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Powerful Women in Needlework

Women are often dismissed in many arenas, their accomplished overlooked or ignored, and yet we know that women make up half the world’s population and contribute a huge amount of good and productivity to that world.  We think about embroidery as one of these things.

Esther Inglis was a fascinating woman.  She lived in England in the 16th century and was a member of an artistic family and a prolific artist herself.  Esther was a miniaturist, a calligrapher, embroiderer, and writer. Her beautiful works still exist 500 years later, a testament to her skill and achievement.

Elizabeth, Countess of Shrewsbury, also known as Bess of Hardwick, is one of our favorite women in history.  She was a powerhouse: she founded a long-lasting familial dynasty and built a vast amount of wealth through the force of her personality and intelligent decisions.  She has in turn been maligned as a shrew and unfeminine and rediscovered to be a complex and influential woman. She loved embroidery, practiced it herself, employed middle class women as professional needleworkers, fostered the practice within her own household, encouraged upper class women to the art, and collected a vast amount of it.

Elizabeth Day McCormick (1873-1957) was a prolific textile collector born into a wealthy Chicago family and spent her life being inspired by European and world art and culture.  While she was conventionally educated and lived most of her life as a standard socialite-hostess-philanthropist-tastemaker, we suspect she was a bit of an iconoclast with bohemian tendencies.  She never married and in the 1920s (when she was in her 50s) she moved out of her family’s home and into her own chic Chicago apartment, surrounded by her growing art collection. Elizabeth was drawn to an artistic lifestyle, was praised as a textile artist in her own right, and ran a studio where she trained girls in needlework and lace with the idea of giving them the ability to earn a living.  Her work in embroidery gave her an expert eye in textiles and needlework in specific. She spent time living in Paris, collecting a vast trove of paintings, ceramics, jewelry, furniture, and noteably, an extensive collection of textiles before leaving in a hurry in 1939, recognizing the danger of Hitler’s move across Europe.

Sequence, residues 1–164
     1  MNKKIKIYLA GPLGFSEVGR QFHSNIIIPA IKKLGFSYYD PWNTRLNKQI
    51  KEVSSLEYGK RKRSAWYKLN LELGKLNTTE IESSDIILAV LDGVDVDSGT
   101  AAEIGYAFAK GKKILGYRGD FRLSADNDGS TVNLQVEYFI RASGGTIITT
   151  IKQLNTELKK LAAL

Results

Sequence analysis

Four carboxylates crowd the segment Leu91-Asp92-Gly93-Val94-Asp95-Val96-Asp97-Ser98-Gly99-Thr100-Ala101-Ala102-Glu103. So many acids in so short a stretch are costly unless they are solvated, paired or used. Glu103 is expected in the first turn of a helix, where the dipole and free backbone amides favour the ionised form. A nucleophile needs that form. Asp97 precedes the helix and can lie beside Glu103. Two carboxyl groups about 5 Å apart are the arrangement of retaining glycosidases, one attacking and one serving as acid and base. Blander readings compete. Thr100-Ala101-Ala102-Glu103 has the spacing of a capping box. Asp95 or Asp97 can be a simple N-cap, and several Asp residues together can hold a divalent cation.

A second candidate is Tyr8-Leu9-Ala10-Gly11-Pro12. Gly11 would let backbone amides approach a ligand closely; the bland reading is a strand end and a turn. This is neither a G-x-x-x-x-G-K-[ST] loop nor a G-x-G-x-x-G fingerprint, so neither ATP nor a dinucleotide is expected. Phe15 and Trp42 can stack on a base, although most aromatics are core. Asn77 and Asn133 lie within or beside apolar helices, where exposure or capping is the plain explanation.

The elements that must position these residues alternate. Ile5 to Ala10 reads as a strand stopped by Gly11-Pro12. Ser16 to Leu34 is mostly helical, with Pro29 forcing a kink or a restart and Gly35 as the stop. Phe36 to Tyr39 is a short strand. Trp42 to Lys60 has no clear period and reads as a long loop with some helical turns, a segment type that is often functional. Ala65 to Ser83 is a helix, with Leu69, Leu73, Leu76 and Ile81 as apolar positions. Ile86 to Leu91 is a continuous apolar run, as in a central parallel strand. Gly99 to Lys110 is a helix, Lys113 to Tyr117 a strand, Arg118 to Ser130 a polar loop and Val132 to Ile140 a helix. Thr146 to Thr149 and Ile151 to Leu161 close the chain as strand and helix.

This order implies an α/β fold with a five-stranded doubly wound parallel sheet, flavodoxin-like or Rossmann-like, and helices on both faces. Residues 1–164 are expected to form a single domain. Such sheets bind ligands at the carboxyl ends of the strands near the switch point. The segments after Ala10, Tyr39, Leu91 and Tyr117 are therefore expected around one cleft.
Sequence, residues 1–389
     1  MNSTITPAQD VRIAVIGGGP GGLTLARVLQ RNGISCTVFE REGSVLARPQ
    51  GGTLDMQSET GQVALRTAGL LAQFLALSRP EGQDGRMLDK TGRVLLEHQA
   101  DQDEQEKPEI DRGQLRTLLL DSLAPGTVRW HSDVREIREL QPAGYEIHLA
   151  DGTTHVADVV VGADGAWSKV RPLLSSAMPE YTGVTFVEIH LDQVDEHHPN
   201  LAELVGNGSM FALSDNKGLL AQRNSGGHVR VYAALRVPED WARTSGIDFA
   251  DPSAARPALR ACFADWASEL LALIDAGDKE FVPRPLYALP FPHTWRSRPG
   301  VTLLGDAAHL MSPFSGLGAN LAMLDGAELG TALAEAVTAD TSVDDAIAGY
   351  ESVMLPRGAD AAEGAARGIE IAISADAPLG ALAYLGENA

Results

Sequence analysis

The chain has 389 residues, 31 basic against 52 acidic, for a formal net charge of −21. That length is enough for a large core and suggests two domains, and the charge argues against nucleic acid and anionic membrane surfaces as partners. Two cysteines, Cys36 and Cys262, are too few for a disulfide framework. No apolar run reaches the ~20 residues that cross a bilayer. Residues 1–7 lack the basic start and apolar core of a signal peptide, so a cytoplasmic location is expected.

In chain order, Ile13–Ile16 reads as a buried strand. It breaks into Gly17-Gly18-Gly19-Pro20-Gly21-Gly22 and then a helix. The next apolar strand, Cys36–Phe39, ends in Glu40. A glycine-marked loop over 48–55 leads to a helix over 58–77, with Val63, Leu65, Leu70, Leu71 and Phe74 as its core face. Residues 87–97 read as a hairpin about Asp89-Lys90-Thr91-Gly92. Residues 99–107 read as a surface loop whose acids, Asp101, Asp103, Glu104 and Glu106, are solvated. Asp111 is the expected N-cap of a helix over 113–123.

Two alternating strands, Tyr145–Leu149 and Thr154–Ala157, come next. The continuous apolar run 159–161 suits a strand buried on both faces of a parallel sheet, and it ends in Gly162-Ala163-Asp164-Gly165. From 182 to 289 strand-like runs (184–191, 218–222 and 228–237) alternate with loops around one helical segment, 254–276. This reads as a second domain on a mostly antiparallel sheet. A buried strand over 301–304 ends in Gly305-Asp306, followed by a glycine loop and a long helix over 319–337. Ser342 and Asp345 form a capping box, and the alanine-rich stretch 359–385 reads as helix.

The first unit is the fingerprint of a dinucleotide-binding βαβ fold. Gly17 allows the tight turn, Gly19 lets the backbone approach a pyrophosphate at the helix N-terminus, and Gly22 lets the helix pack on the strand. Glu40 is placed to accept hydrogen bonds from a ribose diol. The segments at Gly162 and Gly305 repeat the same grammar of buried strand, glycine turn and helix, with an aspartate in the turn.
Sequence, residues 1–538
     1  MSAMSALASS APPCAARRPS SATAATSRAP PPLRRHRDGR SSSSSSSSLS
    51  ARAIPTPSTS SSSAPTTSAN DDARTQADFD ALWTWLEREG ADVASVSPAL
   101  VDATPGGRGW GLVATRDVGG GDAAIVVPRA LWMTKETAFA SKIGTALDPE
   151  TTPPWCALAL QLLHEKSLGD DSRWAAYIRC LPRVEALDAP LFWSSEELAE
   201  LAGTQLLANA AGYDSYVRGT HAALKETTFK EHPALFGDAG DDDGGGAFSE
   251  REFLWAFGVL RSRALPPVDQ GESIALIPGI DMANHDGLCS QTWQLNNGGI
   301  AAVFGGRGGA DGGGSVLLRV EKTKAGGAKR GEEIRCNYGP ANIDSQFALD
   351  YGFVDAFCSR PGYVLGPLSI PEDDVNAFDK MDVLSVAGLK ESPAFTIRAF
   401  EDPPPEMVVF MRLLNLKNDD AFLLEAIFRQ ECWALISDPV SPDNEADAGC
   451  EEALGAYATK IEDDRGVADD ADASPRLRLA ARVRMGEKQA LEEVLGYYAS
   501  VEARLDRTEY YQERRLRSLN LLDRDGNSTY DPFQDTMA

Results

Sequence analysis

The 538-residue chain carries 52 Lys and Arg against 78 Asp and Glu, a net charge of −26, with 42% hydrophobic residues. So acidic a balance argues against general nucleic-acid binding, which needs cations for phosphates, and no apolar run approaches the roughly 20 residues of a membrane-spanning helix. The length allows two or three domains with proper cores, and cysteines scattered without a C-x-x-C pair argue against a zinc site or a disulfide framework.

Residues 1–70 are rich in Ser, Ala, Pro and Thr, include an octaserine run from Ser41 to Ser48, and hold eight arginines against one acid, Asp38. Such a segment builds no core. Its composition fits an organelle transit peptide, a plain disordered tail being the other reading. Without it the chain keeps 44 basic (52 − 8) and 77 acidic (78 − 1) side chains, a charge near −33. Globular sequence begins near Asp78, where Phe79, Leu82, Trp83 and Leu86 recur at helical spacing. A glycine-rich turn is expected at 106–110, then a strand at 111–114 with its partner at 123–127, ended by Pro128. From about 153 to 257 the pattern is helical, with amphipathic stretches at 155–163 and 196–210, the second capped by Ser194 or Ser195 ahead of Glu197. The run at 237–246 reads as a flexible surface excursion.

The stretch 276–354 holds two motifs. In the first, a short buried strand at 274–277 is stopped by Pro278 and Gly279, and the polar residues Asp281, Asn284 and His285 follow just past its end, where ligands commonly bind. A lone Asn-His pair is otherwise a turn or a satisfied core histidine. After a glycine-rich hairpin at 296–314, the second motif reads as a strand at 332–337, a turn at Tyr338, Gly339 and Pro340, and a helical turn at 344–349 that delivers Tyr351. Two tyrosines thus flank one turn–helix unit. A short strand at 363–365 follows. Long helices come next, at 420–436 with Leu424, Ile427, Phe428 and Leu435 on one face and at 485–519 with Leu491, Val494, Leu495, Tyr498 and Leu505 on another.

Back in the United States, she developed a relationship with Gertrude Townsend, the textiles curator of the Museum of Fine Arts Boston.  Through a series of loans and special exhibitions, Gertude and Elizabeth worked together to bring this impressive collection into the public eye.  Elizabeth eventually donated her entire collection to the museum, pleased that she was handing her life’s work into appreciative and caring hands.

These are only three of a vast and inumerale world of women like us and you who love embroidery and textiles and continue to appreciate and practice this ancient art.  We make our voices heard through our work.

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